Parenting is such a minefield. We want to make the best choices for our children. So we research obsessively, talk with friends and become experts on our kids. We band together with those who agree with us. When faced with a mom who doesn’t subscribe to the parenting philosophy we’ve developed with such care, research and passion, we act like park moms and take out the competition.
This picture does not exemplify the practice of kindness that most of us strive to teach our children. Knowing as we do how much it hurts to be critiqued for our life choices, especially those that touch such a profoundly personal area, why do we do it to other moms who are struggling to do the same?
My personal belief is that being confronted with someone who doesn’t agree with our parenting decisions challenges our deeply held beliefs about parenting and brings us face to face with our own insecurities as parents.
That fear – “Am I doing it right?” bubbles up in the quiet of the night, when the kids are sleeping and we’re assessing how the day went. In my own personal daily recap to Rob, I frequently find myself lacking.
But rather than face that fear or deal with it in a healthy way, it’s easier to avoid or blast that mama whose choices don’t match ours.
Friends – we need to stop being our own worst enemies! We women are pros at cutting each other to shreds. Instead of using our unique power of feminine nurturing to heal and strengthen each other, we slash at and eat our sister mamas. We act like those park moms and we quote social, religious and scientific data points to justify our cannibalism.
There are pros and cons to all the choices we make as parents. No matter what we choose, there’s a tradeoff somewhere. My staying home is our family’s choice but the tradeoff is that we have a slim financial margin and I don’t get a break from my kids very often. Both of those things create stress that have the potential to affect my relationship with Rob and with our kids. It also means we don’t do things that we can’t afford.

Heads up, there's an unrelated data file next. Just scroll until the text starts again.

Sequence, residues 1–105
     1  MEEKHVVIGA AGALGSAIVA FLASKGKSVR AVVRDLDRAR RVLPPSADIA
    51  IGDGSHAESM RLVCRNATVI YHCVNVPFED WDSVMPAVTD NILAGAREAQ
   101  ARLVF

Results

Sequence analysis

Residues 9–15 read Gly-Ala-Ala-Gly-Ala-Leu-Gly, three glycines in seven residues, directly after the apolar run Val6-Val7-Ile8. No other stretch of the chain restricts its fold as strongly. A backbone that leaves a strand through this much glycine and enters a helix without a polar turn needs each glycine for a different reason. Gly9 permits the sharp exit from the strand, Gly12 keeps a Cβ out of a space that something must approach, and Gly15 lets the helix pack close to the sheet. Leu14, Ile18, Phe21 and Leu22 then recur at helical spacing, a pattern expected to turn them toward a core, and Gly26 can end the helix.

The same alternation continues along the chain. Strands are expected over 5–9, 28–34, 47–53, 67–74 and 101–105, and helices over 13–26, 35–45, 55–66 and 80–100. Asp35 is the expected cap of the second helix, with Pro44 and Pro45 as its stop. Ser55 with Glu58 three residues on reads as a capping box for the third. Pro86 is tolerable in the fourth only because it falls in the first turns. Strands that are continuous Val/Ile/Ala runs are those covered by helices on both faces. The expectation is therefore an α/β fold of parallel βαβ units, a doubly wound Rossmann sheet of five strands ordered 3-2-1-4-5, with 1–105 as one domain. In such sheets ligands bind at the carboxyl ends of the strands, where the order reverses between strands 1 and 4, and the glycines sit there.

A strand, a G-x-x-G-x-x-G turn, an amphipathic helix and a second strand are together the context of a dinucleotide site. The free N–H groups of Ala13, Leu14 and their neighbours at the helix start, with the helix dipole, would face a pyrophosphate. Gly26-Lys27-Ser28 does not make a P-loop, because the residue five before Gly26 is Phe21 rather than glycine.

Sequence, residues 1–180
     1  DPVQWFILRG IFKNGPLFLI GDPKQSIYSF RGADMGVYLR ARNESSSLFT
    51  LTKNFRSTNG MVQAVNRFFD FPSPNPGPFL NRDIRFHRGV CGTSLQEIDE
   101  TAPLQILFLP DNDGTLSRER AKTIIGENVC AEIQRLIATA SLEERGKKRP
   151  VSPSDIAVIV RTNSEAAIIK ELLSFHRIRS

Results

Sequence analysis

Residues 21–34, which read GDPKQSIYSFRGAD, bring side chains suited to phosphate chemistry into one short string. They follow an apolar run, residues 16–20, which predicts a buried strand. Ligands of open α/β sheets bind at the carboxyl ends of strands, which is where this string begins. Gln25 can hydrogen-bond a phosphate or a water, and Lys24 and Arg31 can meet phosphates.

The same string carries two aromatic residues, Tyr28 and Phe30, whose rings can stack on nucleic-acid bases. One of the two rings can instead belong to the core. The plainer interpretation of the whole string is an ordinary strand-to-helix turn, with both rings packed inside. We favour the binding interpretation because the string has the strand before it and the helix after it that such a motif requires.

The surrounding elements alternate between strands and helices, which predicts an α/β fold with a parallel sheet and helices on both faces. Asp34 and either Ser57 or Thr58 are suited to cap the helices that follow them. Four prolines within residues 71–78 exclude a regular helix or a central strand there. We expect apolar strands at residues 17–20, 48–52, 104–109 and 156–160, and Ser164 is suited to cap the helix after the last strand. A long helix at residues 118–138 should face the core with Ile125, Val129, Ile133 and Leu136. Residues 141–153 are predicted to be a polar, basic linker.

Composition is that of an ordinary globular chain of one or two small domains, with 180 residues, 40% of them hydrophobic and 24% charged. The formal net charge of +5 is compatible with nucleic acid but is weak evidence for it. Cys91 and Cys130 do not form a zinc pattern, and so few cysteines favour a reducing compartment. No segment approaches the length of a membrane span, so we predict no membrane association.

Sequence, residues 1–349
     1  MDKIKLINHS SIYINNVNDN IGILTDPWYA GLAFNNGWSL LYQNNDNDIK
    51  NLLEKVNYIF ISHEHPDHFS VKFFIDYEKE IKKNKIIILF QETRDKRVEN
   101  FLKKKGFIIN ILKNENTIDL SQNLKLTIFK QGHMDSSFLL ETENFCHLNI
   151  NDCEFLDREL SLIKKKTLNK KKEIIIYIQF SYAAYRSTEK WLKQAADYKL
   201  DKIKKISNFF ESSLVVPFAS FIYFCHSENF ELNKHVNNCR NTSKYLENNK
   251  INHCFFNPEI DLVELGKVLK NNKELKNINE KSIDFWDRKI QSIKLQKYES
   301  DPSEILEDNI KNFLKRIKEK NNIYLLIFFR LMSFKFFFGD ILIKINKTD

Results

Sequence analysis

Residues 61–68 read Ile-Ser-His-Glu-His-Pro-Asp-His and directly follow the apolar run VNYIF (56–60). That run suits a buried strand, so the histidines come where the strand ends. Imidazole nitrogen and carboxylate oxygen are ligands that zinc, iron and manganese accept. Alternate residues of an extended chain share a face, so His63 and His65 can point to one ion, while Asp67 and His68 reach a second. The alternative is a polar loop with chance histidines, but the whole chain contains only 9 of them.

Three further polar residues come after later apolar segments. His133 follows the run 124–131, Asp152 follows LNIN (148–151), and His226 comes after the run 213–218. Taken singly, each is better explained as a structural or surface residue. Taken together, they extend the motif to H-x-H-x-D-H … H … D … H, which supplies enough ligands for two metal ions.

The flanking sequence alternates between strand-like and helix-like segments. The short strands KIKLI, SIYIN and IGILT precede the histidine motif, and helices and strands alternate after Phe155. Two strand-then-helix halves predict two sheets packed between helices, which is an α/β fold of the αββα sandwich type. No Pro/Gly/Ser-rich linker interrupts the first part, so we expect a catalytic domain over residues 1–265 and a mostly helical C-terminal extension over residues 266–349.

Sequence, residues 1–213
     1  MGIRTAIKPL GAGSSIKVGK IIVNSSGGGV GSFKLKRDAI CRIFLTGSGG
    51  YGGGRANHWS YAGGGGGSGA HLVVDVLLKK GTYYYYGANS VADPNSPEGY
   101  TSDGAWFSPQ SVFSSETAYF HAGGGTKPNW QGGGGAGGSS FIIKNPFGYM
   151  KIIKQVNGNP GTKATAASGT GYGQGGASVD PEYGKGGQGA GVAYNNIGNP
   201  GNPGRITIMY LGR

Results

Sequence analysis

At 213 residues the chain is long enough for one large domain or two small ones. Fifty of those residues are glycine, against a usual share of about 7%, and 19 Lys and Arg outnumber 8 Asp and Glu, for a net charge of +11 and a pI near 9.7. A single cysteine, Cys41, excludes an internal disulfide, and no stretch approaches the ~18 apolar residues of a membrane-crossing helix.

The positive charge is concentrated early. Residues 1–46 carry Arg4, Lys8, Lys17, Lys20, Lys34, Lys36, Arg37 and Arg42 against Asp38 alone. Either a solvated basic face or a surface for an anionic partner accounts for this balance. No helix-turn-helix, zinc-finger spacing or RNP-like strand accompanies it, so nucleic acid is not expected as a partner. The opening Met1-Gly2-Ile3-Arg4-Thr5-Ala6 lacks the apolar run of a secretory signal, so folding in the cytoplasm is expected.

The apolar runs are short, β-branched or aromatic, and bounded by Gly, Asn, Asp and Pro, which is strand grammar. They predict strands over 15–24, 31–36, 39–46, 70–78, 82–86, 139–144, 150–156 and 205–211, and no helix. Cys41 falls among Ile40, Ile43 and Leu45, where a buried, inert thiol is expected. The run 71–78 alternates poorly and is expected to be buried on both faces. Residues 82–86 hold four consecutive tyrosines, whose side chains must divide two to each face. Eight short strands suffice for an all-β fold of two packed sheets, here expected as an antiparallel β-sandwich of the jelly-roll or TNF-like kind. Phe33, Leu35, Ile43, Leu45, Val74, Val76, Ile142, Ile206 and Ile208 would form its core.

But, Robert and I are committed to each other and we work through those moments of stress. It’s a tradeoff we’re willing to make for now. The tradeoffs are different and just as real for parents who work outside the home.
As someone so wisely reminded me this morning, big parenting decisions like these are ones you make with the information you have at the moment and the situation you’re currently experiencing. When those inputs change – your decision may evolve as well.
Each family has to make the decision that is best for their family.
So my message today is -
Moms, dads, concerned family members… As long as we’re talking about attentive, non-abusive parents, we have the same goal here. We love our kids, we are doing the best we can with the information we have to love them, put food on the table and teach them what they need to know about life.
Instead of tearing each other apart, why not circle the wagons and support each other?
What would happen if instead of criticizing those whose opinions don’t align with ours, we chose to learn from them?
This week, I’m paying close attention to my words and actions. Am I encouraging other mamas in their journey to make wise choices about their families or am I at the park, gossiping about how I do it better?
I’d love to hear your thoughts about this. Please share your comments below so other moms can benefit from your experience.